You can spend whole days exploring the area, or simply take a buggy ride through the most famous ruins of the plain. At sunset you can climb the restored temples, which are accessible to the public, and enjoy a magnificent view. It will reconcile you with creation. You can also book a balloon flight at dawn, they say it’s spectacular.
Bagan is located in the Mandalay region, in the center of Myanmar. Although the city had reached remarkable proportions already in 850 AD, it became the center of an unparalleled religious fervor between 1000 and the end of 1200. In this period, in fact, the city converted from Hinduism to Theravada Buddhism with such enthusiasm that the Burmese kings built more than 3,500 temples and stupas in the area. Bagan became a place of religious pilgrimage for all Buddhists in Southeast Asia.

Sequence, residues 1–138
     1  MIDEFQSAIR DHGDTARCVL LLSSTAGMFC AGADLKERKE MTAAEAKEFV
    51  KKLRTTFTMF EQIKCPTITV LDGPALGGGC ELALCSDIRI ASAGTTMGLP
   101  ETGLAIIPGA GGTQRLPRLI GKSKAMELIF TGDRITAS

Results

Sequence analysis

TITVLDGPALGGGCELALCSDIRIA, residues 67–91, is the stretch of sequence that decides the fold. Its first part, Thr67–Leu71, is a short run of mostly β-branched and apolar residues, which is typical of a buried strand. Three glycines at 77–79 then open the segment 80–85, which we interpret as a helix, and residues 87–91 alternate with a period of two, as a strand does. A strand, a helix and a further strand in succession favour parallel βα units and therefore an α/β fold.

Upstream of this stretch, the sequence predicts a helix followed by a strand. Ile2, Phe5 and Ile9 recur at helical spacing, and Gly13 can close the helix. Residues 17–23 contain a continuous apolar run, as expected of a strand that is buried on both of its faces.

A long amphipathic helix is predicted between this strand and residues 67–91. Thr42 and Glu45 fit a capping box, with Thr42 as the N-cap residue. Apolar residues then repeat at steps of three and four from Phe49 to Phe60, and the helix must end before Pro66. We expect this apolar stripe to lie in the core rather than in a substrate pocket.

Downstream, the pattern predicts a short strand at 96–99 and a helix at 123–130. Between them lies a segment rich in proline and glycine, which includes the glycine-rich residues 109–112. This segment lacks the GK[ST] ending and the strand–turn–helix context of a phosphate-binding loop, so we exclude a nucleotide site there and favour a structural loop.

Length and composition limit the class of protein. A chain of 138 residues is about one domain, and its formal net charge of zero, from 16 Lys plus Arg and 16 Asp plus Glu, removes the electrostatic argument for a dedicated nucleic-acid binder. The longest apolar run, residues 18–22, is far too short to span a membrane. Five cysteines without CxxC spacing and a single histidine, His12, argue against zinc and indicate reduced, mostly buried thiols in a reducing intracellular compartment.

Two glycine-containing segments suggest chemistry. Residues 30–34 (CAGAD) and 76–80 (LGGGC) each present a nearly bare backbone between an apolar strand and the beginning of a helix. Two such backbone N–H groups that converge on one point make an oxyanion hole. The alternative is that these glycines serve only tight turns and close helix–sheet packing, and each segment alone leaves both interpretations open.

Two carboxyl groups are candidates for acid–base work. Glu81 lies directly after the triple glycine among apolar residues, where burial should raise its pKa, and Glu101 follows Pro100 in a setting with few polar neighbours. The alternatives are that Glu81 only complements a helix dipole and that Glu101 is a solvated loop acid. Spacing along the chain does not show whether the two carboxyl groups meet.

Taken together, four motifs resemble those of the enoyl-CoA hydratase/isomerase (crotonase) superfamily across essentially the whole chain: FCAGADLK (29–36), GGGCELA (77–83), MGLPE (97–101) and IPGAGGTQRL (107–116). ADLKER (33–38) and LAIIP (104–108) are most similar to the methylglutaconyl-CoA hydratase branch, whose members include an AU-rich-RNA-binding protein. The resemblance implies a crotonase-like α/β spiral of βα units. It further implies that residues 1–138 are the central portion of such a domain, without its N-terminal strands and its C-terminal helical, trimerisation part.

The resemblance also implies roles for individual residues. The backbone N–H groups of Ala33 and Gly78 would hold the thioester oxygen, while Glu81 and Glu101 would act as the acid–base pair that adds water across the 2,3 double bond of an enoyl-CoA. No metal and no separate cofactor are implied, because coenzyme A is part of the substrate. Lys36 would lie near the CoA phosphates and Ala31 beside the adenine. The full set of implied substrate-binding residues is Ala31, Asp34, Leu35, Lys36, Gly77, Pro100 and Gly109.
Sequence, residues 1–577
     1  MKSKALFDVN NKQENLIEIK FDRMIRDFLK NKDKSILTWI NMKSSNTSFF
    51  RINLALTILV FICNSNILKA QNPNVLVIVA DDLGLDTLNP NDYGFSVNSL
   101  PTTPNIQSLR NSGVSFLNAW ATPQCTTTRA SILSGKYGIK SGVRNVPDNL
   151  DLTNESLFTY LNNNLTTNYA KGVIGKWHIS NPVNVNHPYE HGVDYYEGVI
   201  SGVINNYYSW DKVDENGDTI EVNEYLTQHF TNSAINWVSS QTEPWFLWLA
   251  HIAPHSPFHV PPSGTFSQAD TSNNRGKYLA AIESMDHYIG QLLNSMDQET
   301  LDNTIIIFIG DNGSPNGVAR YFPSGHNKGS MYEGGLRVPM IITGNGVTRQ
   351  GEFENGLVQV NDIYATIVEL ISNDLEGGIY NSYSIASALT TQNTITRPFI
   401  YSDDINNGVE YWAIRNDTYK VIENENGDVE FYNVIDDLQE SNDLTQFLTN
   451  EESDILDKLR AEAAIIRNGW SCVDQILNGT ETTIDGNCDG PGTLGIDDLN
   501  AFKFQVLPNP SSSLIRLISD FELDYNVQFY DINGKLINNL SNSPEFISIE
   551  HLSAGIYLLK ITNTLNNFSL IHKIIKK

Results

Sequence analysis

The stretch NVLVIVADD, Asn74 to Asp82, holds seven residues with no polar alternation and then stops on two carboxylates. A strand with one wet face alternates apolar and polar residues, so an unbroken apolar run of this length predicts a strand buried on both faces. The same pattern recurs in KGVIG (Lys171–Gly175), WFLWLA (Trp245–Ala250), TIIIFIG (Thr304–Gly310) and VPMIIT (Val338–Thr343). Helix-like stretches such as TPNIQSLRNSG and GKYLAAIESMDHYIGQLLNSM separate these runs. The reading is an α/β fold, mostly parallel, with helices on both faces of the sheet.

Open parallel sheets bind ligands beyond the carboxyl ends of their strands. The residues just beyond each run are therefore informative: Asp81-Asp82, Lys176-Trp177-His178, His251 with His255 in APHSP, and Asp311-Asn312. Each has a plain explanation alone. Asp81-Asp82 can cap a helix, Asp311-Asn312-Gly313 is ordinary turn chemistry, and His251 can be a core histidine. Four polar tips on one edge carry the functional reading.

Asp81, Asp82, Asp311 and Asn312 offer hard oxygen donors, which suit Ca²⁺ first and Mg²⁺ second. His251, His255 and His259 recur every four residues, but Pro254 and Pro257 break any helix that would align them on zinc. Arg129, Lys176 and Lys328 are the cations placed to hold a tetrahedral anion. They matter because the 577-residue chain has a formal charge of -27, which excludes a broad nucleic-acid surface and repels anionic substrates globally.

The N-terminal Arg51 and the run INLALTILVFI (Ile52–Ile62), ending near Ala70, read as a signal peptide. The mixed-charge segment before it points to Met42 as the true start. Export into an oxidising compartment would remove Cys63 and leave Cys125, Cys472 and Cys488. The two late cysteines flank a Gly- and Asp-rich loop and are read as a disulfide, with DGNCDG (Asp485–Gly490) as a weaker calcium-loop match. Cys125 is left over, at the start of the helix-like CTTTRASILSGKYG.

In 1287 the area was invaded and devastated by the Mongols, led by Kublai Khan. Apparently, though, the fear of a Chinese invasion had already led the Burmese to leave the city. The area was progressively plundered of the most precious materials, such as stones and metals decorating the statues of Buddha and temple walls; so, it became unsafe until the eighteenth century because of the raids of thieves and raiders.
Only the arrival of the British stabilized the area, allowing the Burmese to return to live there and the archaeological assets to be safeguarded. As a matter of fact, the names of many buildings in Bagan have been invented by the delegate of Yangon while showing them to the British representatives: he didn’t have the nerve to tell them there was no record in the state records for those buildings!